While on the subject of World War II, let us talk about the economics of supply and demand. As stated above, there was an insatiable demand for cheap escapist works, much like in the years before — though now, arguably, even more so. On top of an already sizeable audience of children and workers, there were now also the millions of A2147373-eisner_all_about_pgell_cvrmerican soldiers serving in the U.S. Army, many of whom were sent to liberate Europe and defeat the Japanese. They, these soldiers, took to reading comics to combat the long periods of boredom and routine between the short bursts of action, like, e.g., air raids and offensive operations and this, because, unlike, novels you could speed-read comics from cover to cover — which is, of course, handy when you don’t know when it’s go-time again. So there’s that. Then there’s also the context of war-time paper shortage. During the years of war, paper was rationed. While this spelled problems for pulp publishing houses especially, publishers that were also or exclusively engaged in the business of publishing and distributing cheap, thin, flimsy comic books reaped profits, at the former’s expense no less! Indeed, this was a good time to be in the business of comics; for not only was there little outside competition, but there wasn’t much inside competion, either. That is to say, there were plenty of competing comics publishing houses — in fact, in the years following 1940, they even popped like mushrooms; where there used to be but five before the war broke out, there were now thirty or so. But such was the scope of the escapism market, in these years, that there was room aplenty for all these comics publishers to co-exist, and to grow prosperous in their publishing ventures. The only thing holding them back was the paper rationing. That would change after the war — but more on that later.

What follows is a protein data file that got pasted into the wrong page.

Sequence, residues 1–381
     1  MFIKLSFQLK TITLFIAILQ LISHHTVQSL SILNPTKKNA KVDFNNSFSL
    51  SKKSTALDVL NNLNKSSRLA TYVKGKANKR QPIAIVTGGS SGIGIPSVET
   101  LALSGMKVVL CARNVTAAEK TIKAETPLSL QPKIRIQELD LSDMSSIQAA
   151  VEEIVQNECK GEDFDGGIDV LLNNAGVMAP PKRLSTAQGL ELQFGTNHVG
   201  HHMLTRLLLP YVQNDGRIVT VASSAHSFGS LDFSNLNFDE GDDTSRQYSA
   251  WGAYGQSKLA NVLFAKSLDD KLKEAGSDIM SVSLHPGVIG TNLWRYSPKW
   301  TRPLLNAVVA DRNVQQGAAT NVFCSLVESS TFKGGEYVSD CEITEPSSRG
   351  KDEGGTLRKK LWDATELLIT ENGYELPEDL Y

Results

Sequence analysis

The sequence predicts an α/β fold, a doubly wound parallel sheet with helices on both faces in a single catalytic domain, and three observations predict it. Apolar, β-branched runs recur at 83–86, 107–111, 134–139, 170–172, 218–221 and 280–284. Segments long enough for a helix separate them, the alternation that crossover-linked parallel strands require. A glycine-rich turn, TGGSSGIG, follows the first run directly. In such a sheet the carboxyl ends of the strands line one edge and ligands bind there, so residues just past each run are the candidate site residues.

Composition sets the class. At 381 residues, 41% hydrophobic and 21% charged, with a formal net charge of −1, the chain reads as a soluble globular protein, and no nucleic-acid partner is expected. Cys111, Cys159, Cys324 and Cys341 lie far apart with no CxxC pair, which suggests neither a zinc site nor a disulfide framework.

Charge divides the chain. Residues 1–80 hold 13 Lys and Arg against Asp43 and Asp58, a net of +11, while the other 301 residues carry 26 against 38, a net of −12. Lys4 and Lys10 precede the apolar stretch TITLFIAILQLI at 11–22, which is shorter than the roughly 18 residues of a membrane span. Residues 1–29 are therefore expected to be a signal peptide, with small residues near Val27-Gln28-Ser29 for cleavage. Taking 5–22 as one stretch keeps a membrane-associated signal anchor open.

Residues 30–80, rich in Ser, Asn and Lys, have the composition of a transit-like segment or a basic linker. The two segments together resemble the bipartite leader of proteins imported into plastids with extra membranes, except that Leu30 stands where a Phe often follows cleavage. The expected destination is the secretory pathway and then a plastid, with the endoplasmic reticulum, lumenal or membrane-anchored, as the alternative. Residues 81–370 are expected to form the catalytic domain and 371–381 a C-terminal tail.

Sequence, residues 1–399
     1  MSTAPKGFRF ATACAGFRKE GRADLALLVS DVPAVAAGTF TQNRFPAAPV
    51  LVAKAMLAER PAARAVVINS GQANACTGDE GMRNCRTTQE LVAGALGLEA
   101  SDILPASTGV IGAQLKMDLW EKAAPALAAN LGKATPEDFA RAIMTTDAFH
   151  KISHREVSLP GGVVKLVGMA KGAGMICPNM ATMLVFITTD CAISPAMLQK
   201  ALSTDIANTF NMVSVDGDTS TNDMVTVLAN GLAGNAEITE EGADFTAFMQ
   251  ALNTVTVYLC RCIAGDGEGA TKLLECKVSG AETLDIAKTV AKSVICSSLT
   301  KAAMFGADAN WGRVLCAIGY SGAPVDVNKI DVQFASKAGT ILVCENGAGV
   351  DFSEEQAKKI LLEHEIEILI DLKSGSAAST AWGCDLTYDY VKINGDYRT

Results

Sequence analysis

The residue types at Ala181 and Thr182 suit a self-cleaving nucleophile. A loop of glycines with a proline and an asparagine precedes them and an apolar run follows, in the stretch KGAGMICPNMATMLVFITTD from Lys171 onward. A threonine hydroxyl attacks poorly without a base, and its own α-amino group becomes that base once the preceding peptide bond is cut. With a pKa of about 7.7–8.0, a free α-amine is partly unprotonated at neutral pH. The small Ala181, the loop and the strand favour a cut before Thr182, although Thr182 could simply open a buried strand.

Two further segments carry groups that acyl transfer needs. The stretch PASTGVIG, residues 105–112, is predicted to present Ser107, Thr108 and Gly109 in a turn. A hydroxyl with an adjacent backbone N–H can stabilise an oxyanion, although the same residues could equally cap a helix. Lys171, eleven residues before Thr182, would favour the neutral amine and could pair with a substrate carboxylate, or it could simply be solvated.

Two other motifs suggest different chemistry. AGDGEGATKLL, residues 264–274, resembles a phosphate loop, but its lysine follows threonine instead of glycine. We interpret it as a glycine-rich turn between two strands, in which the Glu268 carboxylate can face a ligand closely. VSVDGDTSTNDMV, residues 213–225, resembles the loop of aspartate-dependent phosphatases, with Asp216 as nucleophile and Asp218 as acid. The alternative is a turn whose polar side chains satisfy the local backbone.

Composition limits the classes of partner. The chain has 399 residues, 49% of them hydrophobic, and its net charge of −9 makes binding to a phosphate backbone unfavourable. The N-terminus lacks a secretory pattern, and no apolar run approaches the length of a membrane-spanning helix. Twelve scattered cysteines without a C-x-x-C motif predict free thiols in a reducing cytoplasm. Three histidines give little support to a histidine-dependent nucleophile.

Super visuals